Treating the Opioid crisis: Expectant mom kicks heroin for herself and her baby girl

Substance abuse treatment program for pregnant women helps break the cycle of addiction.

Chassady Harden was six months pregnant and in the grips of a heroin addiction when she decided to get help.

“I got tired of living the way I was living. I was trying to get sober, but it wasn’t working,” Chassady said. “I knew I had two choices: Either my daughter was going to be taken away from me, or I was going to keep her. I chose to keep her.”

Chassady heard about the Norton Maternal Opiate Substance Treatment Program, or MOST Program, from a friend.

MOST is a treatment program designed specifically for pregnant women to help break the cycle of addiction. MOST provides prenatal and addiction medical care at Norton Women’s & Children’s Hospital. Emphasis is placed on substance use disorder recovery to support parenthood and enrich the lives of the affected children.

“Our patients have a lot of shame and guilt about their substance use disorder,” said Jonathan W. Weeks, M.D., maternal-fetal medicine physician with Norton Children’s Maternal-Fetal Medicine and medical director of the MOST Program. “Being pregnant while using heightens their shame. As a result, many of these women hide their problem from family and friends, fearing consequences such as losing custody of their children.”

The MOST Program

Specialized care for pregnant women with substance use disorder, and their babies.

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Chassady said it was the MOST Program staff’s kindness and nonjudgmental treatment that helped her through the program.

“Dr. Weeks sat down and took the time to explain the program and how everything worked,” Chassady said. “He helped me understand that just because I got help didn’t mean I was going to lose custody of my baby.”

According to Chassady, besides helping her medically detox from heroin, the treatment program took care of all of her needs. Program staff made sure she was eating. Chassady had help making important decisions. She received nicotine patches to help her quit smoking.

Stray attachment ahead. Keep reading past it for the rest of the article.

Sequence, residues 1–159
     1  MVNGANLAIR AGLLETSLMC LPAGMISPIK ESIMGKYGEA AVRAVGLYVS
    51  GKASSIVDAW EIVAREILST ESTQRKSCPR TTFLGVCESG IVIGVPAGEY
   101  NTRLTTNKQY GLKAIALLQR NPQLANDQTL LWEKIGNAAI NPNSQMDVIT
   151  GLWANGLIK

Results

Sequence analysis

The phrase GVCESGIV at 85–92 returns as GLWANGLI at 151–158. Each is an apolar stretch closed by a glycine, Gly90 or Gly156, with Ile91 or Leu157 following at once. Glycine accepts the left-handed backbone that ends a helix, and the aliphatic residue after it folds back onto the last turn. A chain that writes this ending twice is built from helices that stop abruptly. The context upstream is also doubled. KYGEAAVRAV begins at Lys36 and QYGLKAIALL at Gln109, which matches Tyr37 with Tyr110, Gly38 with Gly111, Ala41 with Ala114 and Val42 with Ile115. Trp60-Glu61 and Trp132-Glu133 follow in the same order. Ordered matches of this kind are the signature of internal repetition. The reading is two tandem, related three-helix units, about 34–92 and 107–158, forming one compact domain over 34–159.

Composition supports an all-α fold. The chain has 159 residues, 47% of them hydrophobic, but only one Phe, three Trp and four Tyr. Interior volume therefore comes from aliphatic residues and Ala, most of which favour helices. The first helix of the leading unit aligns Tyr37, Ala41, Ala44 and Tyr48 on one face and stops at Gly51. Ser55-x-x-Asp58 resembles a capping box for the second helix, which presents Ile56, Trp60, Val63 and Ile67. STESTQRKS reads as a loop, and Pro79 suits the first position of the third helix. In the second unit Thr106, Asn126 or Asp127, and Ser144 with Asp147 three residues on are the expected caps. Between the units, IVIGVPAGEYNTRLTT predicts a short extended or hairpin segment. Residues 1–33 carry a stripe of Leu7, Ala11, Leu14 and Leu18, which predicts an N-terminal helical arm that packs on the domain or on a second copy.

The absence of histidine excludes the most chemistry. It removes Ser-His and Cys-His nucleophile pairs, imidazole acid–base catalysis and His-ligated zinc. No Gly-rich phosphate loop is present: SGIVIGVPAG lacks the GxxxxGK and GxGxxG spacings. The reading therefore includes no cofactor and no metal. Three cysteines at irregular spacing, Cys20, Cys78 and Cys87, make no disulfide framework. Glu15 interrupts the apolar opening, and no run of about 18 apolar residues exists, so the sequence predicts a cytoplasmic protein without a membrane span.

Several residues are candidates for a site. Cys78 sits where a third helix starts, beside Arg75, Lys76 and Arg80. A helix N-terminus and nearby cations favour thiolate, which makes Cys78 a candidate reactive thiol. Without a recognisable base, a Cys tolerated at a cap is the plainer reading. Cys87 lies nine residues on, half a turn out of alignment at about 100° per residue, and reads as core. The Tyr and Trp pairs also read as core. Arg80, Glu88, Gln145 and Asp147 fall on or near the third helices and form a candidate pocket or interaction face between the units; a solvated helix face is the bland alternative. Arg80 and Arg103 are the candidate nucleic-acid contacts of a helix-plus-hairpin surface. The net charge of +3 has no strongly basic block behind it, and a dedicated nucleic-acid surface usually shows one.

“They took good care of me,” Chassady said. “I just had to be there and be willing to get sober.”

The program also took good care of Chassady’s baby. Babies born to mothers who used opiates such as heroin or oxycodone during pregnancy are at risk of a condition called neonatal abstinence syndrome.

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Chassady gave birth to a healthy baby girl named Elizabeth in September 2018.

But the help provided to Chassady by the MOST Program didn’t end with detox or even the birth of Elizabeth.

“They’re still helping me,” Chassady said.

“They’re not going to take your kid away from you. They’re going to make you feel like they want you to be there. They’re going to help you and get you straight.”

Chassady Harden

Chassady continues to see her therapist from the MOST Program, who recently set her up with an in-home therapist so she won’t have the hassle of taking the baby to appointments. MOST also helped transition Chassady to an office where she could continue receiving medication she needed.

According to Angie Adams, a licensed clinical social worker and clinical therapist with Norton Children’s Maternal-Fetal Medicine, patients in the MOST Program receive an individualized treatment plan and care.

“Many of the women we see have a history of trauma, mental health issues or life stressors that they are dealing with,” Angie said. “I educate them on substance use disorder and mental health issues and spend a lot of time talking about the impact of substance use on families.”

According to Angie, patients may receive individual therapy, referrals to community partners or other specialists, and resources for the patients and their families. They also receive education related to follow-up care for their babies, safe sleeping and breastfeeding.

“My main goal is to meet our patients and families where they are and join with them in their recovery process,” Angie said.

The program is working for Chassady and her family.

According to Chassady, motherhood can get frustrating sometimes, not knowing what her daughter wants, but she loves playing with her and being able to breastfeed her.

Chassady also wants other women who may be battling addiction during their pregnancy to know they can get better — and their baby can get better — through treatment.

“Go to the MOST Program,” Chassady said. “It’s comfortable and safe. They’re not going to take your kid away from you. They’re going to make you feel like they want you to be there. They’re going to help you and get you straight.”

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